Letters: Readers weigh in on race for Fifth District supervisor

Set the record straight

Letters here and on social media about my role as Fifth District Supervisor concerning withdrawal of Mercer-Fraser’s permit application for a cannabis refinery at its Glendale aggregate plant on the Mad River are far removed from the facts. Here’s the truth, with no hidden agenda and straight from the source.

Let’s be clear, I did not ever support the permit application in public or privately.

The decision to remap the plant parcel was to bring its ancient zone designation (AGRICULTURAL) into compliance with the GPU because there are historical vested uses on this property. It is an industrial operation, the norm for almost all businesses in the area. That happened long before we were born.

For months I spoke with Mercer-Fraser about the problems concerning its plan to refine cannabis near the river. These weren’t “negotiations,” which imply a trade-off, but almost daily discussions which continued until Mercer-Fraser announced it would withdraw the permit. I’m relieved and even proud of the result and thank Mercer-Fraser for making that decision, however difficult it may have been for them.

While Mercer-Fraser says publicly the permit is gone for good, I’ve made it clear in every way possible that, if in the highly unlikely event it was resubmitted at any time I’m Supervisor, my vote would never be in favor, and I’d  vigorously encourage the other Supervisors to vote it down.

The Fifth District is blessed with some of the greatest water resources in the nation. Doing all that’s possible to make our rivers clean and full of fish, like the Klamath I grew up on, is a deeply personal goal, one that guides my efforts as the Fifth District Supervisor.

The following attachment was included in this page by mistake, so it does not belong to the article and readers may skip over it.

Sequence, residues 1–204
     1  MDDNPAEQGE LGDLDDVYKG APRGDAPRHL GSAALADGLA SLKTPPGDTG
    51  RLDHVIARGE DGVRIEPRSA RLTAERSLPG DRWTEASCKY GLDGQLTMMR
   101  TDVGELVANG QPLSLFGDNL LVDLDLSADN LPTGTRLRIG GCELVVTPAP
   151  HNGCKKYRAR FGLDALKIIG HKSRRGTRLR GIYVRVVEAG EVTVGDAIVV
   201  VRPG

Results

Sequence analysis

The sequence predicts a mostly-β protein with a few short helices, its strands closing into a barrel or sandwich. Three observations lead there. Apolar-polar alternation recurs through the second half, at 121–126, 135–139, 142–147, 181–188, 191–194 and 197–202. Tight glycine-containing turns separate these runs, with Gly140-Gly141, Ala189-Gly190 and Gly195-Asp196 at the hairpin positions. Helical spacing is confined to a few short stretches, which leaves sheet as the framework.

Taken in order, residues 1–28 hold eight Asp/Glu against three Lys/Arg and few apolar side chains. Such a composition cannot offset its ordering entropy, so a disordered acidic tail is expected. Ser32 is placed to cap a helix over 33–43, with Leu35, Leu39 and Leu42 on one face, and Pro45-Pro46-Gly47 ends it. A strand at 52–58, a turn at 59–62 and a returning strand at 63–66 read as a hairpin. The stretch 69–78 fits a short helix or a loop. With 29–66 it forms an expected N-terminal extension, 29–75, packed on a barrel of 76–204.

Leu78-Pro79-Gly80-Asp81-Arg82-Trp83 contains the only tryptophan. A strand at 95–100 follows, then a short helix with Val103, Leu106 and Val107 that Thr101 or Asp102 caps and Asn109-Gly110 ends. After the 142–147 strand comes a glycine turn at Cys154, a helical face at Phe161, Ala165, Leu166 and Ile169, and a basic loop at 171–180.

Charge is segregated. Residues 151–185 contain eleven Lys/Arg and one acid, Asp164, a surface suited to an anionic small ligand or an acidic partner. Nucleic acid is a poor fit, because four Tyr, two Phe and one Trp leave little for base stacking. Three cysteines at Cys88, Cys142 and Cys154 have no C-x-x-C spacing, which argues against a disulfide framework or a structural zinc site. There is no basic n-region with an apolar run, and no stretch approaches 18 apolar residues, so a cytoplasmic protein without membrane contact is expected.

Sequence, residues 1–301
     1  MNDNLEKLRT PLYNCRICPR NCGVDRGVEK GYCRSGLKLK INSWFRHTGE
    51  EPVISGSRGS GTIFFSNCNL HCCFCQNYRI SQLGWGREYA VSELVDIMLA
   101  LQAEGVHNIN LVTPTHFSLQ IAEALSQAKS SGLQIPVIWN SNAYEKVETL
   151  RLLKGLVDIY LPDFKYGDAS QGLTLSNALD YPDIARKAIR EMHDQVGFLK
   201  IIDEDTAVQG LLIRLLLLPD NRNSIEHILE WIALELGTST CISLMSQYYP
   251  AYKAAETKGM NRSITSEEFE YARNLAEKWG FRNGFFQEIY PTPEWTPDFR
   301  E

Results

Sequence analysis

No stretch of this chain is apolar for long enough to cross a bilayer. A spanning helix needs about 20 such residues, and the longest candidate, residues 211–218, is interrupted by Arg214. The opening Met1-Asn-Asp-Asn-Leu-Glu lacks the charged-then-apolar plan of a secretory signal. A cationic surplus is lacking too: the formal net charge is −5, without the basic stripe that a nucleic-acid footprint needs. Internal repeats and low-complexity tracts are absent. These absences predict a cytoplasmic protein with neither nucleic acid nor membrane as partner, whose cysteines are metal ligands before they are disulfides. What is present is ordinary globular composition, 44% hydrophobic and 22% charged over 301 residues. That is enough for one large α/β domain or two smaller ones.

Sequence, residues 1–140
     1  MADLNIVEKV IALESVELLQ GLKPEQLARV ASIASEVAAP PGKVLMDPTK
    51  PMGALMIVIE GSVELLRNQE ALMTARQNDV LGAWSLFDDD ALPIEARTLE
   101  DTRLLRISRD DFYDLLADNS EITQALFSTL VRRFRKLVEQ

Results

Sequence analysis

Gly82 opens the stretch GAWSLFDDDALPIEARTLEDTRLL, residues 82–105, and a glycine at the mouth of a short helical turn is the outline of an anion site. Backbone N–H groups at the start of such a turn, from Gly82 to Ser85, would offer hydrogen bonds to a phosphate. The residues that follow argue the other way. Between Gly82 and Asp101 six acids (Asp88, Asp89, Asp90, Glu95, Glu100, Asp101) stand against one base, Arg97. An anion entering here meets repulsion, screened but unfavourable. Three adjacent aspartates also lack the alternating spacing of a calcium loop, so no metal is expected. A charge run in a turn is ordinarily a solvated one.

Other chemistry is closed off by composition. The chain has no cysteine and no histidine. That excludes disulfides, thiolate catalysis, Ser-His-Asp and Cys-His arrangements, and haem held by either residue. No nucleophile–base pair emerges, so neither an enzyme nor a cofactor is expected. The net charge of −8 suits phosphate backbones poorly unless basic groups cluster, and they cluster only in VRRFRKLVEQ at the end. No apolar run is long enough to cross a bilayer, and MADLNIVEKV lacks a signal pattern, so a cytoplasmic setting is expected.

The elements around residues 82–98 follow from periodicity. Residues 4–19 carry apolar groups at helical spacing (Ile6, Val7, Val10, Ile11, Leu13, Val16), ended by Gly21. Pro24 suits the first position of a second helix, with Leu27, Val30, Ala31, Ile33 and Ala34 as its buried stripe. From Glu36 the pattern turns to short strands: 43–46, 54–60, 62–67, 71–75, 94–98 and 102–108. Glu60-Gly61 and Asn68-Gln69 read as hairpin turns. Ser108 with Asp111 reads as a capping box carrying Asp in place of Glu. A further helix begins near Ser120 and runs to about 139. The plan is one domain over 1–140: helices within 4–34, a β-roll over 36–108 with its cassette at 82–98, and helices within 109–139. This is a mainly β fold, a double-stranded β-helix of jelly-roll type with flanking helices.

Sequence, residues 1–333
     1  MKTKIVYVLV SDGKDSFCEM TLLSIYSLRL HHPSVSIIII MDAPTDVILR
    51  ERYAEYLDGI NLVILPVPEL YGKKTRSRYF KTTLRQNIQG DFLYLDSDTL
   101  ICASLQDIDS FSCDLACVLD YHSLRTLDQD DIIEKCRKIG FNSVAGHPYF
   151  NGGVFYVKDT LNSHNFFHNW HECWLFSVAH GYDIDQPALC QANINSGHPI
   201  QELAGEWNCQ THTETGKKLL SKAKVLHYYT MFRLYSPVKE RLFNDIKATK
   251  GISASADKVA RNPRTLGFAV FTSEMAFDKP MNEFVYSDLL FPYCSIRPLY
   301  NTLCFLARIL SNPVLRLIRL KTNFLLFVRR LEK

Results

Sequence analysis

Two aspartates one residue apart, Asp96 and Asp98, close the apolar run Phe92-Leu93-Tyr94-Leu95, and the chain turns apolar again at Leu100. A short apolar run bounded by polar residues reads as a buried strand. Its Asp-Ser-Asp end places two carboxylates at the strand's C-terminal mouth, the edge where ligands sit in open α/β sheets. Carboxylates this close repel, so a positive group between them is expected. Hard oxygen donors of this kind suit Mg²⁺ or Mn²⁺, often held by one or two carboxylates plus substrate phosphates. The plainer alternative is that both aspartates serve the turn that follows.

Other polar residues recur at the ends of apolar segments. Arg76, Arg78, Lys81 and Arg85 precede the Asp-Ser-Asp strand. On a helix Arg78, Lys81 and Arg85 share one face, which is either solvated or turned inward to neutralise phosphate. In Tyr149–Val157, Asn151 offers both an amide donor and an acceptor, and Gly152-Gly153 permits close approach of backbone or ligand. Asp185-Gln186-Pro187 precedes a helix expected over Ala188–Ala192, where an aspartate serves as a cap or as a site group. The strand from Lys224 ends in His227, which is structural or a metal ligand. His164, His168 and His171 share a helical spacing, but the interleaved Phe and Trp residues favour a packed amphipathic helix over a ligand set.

Ryan Sundberg

Pick up poop

P.O.O.P (Pet Owners on Poop) Patrol –“Cleaning up the environment one poop bag at a time”– asks all dog owners to take an extra poop bag with you on your dog walks and pick up an extra dog poop pile someone else’s dog left behind.

We got so very irritated at people who don’t pick up after their dogs.  Then we started taking an extra bag to pick up dog poop other owners left.  It did help us feel less frustrated, although at first it seemed more like a gesture than something that made a difference. After about six weeks, we noticed there was a lot less dog poop on our regular walk paths.  It continued to get better and better, even at the start of the trail, which used to be really awful. Some days there wasn’t any!  What a surprise! It makes a difference.

Dog waste is high on the list of causes of contaminated water, and also contaminates the surrounding soil. Just one gram of dog feces can carry 23 million fecal coliform bacteria, including E. coli, as well as parasites and diseases that humans and dogs can catch.  Even if you aren’t near a creek or the bay, runoff from rainfall carries pathogens from dog poop into storm drains, ending up in far away streams, rivers, beaches, lakes, groundwater and drinking water.

Help keep Humboldt Bay healthy and our dog walks pleasant.  Like us on Facebook.  Spread the word and take action.

Emily Siegel

Madrone a collaborative voice

I would like to emphatically encourage your and others support of Steve Madrone for Fifth District Supervisor.

Knowing him for many years he has always had a well reasoned and collaborative voice in his support of the health and welfare of our beautiful corner of the world.

He would be a positive addition to the board to serve in a pro-active way to the benefit of us all.

Thank you

Jen Hubbert

Remember how he voted

After reading Daniel Mintz’s article in April 22 edition (Madrone: Sundberg swayed by MJ money) I really don’t understand what all the fuss is about regarding Ryan Sundberg’s dependence on big money donations from the mega-grows and other “industrial” cannabis players?

Accusing Sundberg of a conflict of interest seems beyond redundant! Why even bring this issue up, unless it’s being done rhetorically? Ryan Sundberg has been working on behalf of his deep-pocket donors since the day he was first elected. Hell, who do you think recruited him to run in the first place!?